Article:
URBAN ADVENTURE KIT 2021 - Carla Hall’s DC. Package included an adventure guidebook, custom-print apron and tote bag, cipher wheel, envelopes with primary sources, Carla-style glasses, special access pass to NMAAHC, and cooking ingredients. (Graphic Design by Studio Aorta. Photo by Fabiola R. Delgado)
URBAN ADVENTURE KIT 2021 - Carla Hall’s DC. Package included an adventure guidebook, custom-print apron and tote bag, cipher wheel, envelopes with primary sources, Carla-style glasses, special access pass to NMAAHC, and cooking ingredients. (Graphic Design by Studio Aorta. Photo by Fabiola R. Delgado)

What kind of relationships should museums have with their surroundings? How can they best interact and collaborate with their neighbors? The Smithsonian’s Anacostia Community Museum was one of the first institutions to take a community-centered approach to curating and public programming when it first opened in 1967, and this innovative method stays with us more than 50 years later, expanding the museum’s experiences outside of the museum walls.

For decades, there’s been debate over what the role and responsibility of museums are; and slowly, we’re moving from an inward focus on growth of knowledge and collections, to an outward focus on providing educational services to our audiences. More and more, there’s a nearly universal notion that museums exist to serve the public; and ACM has been meeting people where they are by increasing access to online content, and most notably, developing creative off-site programs.

One of the programs exemplifying this ethos is the museum’s URBAN ADVENTURE KIT series – a yearly part-scavenger hunt/part-podcast/part-food crawl experience co-curated with local celebrities, that connects participants with unique places around the city. 2022’s celebrity guest? Beloved chef and humanitarian, José Andrés! Together, we’ve created a food justice journey inspired by the museum’s current exhibition “Food for the People: Eating and Activism in Greater Washington,” and starting in June, participants will be able to purchase their kit with the necessary supplies (and swag!) to guide them through different locations in Washington D.C., where they’ll get access to free food samples from different local businesses, and find QR codes linking to audio messages from José Andrés himself.

ACM’s first guest in 2021 was acclaimed chef and TV personality, Carla Hall, who led folks to four D.C. spots that deeply influenced her views on food justice and identity, and she designed a home-cooking challenge for participants to experiment with one of her favorite recipes: Hoppin’ John.

By guiding participants on a journey of Washington, D.C., ACM encourages everyone to see their city as a place of exploration, wonder, and reflection. It encourages people to become historians and advocates on their own terms: by learning first-hand about the deep social justice issues confronting our communities, the local initiatives working toward solving them, unraveling the stories behind seemingly ordinary places, and in the process, kindling enthusiasm and meaningful engagement with our home.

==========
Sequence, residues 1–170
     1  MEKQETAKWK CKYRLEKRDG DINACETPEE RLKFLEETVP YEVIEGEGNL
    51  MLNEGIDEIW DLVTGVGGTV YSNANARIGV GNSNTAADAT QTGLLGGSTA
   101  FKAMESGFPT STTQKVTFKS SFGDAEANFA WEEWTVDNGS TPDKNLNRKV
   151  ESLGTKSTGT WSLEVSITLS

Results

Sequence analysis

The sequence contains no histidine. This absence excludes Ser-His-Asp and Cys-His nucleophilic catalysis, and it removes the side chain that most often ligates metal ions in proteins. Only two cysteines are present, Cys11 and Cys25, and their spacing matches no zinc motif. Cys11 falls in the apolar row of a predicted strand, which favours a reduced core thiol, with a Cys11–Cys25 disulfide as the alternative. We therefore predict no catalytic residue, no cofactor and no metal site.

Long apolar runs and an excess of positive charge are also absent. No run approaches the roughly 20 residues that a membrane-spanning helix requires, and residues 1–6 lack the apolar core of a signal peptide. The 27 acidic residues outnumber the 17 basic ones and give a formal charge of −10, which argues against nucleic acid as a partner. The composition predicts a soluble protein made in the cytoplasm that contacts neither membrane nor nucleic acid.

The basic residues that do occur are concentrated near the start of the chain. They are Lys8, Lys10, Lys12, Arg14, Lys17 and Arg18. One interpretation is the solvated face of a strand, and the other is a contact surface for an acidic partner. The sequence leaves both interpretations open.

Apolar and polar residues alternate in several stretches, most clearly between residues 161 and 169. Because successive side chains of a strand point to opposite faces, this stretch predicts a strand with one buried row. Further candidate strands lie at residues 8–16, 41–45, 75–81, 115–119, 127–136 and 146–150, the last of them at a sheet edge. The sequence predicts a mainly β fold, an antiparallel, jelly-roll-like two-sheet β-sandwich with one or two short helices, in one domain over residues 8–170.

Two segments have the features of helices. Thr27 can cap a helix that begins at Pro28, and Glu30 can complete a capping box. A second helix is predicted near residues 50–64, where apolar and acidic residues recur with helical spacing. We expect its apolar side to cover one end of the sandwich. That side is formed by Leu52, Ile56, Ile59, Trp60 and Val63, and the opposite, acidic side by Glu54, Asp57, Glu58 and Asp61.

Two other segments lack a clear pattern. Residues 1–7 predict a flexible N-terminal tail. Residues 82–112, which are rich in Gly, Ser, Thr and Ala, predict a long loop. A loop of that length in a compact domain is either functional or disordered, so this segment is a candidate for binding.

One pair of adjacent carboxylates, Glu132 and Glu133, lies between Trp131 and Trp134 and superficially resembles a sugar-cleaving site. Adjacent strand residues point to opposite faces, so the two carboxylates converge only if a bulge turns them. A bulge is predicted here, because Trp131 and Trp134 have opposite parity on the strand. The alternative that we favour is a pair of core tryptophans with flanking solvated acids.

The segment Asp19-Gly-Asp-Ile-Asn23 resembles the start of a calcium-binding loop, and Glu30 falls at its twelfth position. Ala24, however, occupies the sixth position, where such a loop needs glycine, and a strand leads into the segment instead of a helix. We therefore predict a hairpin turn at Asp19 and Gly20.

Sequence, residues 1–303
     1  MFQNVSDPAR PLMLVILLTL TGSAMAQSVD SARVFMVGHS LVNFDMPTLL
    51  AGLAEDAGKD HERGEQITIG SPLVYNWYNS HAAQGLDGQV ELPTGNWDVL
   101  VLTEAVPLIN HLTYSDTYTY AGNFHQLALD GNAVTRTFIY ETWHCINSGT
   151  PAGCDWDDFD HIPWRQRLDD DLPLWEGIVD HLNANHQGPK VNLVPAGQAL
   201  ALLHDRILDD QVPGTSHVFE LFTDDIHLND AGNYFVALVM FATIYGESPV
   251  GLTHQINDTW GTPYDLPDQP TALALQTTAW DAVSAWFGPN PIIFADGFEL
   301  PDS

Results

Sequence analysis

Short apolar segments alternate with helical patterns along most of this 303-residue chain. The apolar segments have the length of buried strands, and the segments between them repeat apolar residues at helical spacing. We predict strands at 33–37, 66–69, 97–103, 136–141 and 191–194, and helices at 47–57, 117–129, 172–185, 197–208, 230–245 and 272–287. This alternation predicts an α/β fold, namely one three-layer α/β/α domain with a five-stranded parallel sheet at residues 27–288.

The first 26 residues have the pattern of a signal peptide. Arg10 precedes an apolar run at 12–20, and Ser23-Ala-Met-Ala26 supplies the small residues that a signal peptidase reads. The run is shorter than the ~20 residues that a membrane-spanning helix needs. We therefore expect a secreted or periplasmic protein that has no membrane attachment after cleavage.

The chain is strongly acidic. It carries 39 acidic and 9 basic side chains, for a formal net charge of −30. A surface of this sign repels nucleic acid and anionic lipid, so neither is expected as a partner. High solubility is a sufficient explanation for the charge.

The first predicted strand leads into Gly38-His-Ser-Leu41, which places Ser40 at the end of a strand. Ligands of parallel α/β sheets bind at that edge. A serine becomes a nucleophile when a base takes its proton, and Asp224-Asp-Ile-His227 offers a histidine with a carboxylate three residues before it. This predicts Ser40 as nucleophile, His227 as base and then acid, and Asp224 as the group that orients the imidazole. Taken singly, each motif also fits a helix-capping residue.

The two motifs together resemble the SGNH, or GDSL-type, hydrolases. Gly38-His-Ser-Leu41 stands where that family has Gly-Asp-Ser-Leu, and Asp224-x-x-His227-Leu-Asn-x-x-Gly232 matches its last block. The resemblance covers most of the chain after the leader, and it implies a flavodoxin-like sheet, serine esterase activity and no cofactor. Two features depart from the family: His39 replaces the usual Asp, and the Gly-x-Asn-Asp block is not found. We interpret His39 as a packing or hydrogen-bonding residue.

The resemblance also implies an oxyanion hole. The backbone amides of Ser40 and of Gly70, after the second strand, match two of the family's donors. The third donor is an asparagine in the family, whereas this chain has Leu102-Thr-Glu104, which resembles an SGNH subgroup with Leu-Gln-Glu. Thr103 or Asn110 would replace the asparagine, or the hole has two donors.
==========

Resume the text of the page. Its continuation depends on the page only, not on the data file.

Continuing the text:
Another important project ACM is developing is a custom app-based tour about the history and current-day issue of affordable housing in Southwest D.C., combining real world experiences and handheld media with a theatrical flair. Unlike a typical exhibition, this self-guided audio-drama experience will take place in the SW Waterfront neighborhood and will be supplemented by a website, video version of the tour, and site-specific installations. This project is informed by local playwrights, sound designers, and a Community Advisory Group whose personal connection to the neighborhood and unique expertise, provide ACM and production partners, Walking Cinema, with external independent input, integral to the project’s substance and authenticity.

Image of SW Waterfront neighborhood before and after redevelopment. (Original photo by Southwest photographer Joseph Owen Curtis; overlay by Willem Dicke and students at Amidon-Bowen Elementary School)

The last couple of years have pushed museums to find imaginative ways to connect with the public: from online concerts and at-home activities, to outdoor exhibits and public space activations. But it takes a constant and more generous effort to reimagine museums overall. Keeping museums open (and open safely) has been a massive challenge as a result of the COVID-19 pandemic, but it has accelerated the shift from the traditional museum experience, and it has demonstrated that digital and off-site work is more than just a way of increasing visitor numbers.

Moving forward and true to its legacy, ACM will continue to innovate in the field, sharing our vibrant local history, questioning the dynamics of power, celebrating local creativity, and proving that the museum is more than just the building, it’s the people.

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